Pages 1-100 or Chapters 1-20
If you are looking to tackle a MASSIVE book with others than this is the one to do it!
Here is what I thought:
The book starts off in 1750 and without giving too much away; the first 100 pages (20 chapters) go into vivid detail of Kunta from birth until the age of eight rains (I am figuring that means eight years of age).
There were tons of interesting facts about the customs and rituals that he was brought up in. Being a lover of history, the story kept my interest the entire time. There are some reviews that I have read that states this part of the book which speaks of his life before being capture as boring and did not really get into the book until after he was captured. If that is the case, it was not for me. While it was not fast paced reading, the book did not come off as some dry/hard reading material.
We learn about the village he was born in and the relationship between him and his parents, his kafo mates, grandmothers and younger siblings. Throughout the reading of these pages, I felt like I was getting the point of view of a child and not the author telling us about the child. Kunta was innocently ignorant, but caught on fast to the role he played in the village and with his family. Kids today could relate to the young Kunta from centuries ago. His feelings of bonding with his father and making his family proud, feelings that no one takes him serious as a child and having a young irritating sibling who you secretly love that he looks up to you.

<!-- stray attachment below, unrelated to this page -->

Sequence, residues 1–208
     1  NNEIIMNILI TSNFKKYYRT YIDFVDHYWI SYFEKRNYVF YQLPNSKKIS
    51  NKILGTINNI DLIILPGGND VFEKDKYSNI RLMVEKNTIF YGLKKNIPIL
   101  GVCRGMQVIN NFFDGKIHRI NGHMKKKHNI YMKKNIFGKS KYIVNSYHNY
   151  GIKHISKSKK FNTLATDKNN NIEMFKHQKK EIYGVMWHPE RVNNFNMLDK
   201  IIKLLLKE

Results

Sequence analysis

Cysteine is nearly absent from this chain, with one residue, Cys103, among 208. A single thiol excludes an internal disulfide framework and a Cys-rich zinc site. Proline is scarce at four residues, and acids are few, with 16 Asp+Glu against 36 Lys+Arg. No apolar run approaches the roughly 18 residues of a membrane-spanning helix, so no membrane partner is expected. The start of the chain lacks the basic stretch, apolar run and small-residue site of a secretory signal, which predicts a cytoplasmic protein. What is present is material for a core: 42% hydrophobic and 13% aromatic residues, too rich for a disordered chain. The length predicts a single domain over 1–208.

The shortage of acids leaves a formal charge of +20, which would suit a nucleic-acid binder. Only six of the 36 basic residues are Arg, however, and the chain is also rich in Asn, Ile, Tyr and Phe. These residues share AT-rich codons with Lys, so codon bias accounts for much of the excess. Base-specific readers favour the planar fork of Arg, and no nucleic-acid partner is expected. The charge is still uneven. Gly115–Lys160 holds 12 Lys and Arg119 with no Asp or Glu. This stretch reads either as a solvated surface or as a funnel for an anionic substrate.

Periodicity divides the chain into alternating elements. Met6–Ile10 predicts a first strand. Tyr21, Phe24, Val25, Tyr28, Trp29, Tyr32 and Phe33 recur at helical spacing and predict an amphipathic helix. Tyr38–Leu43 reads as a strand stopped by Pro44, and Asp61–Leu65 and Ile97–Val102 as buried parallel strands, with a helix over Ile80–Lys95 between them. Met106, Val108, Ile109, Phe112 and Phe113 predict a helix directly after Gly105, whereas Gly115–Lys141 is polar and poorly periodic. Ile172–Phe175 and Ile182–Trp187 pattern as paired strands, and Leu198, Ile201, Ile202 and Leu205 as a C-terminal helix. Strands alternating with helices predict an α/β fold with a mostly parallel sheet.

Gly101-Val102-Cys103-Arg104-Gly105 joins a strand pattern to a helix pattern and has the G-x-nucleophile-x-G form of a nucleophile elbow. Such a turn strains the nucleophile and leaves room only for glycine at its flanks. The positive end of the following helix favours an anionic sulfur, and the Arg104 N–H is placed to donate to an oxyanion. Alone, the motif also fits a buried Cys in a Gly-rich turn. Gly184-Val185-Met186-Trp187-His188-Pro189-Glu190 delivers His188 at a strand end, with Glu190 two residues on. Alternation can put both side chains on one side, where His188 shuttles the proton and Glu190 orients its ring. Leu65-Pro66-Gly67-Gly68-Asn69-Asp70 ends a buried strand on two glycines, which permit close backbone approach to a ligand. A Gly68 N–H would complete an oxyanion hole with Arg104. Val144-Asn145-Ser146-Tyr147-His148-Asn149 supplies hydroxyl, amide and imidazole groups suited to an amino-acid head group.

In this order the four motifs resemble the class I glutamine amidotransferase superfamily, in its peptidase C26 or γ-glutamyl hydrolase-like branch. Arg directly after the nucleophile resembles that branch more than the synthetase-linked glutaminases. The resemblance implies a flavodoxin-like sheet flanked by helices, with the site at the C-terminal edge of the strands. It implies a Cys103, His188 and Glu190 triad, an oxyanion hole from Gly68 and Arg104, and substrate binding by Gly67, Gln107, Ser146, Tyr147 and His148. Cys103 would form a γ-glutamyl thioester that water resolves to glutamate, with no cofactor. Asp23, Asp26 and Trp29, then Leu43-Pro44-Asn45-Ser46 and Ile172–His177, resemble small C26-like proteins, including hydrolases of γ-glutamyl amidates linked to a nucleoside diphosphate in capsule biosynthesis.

There were tons of things that stood out in the book, but again I do not want to give everything away. However what stood out the most was Kunta’s village and surrounding villages’ views on slavery. One day while with his father, Kunta asks him what slavery is. Omoro (Kunta’s father) describes that people could become slaves in different ways and that no should never speak of slaves in the presence of slaves. Only slaves that were despised were convicted murders, thieves, or other criminals and they were the only slaves that could be beat or punish by their master’s discretion. As well as it was easy to buy your freedom or gain freedom by marrying someone in your master’s family.
Lastly, during these pages we read where Kunta learn about the “toubob”. I am assuming that toubob means “white people”. This is where we get to the subject of how they obtain villagers and take them aboard a boat. The villagers believe that the future slaves were taken to another country/place to be eaten, but little did they know that these people were taken to a new land and on one of these boats, Kunta would join the others and be a part of American’s ugly history past!
What did you think about the first 100 (chapters 1-20)?
What was the best part?
Was there anything that you hated?
If you did not have a best/hated part, what stood out to you?
Do not FORGET to go check out Book Snob's blog for her review of the first 100 pages!!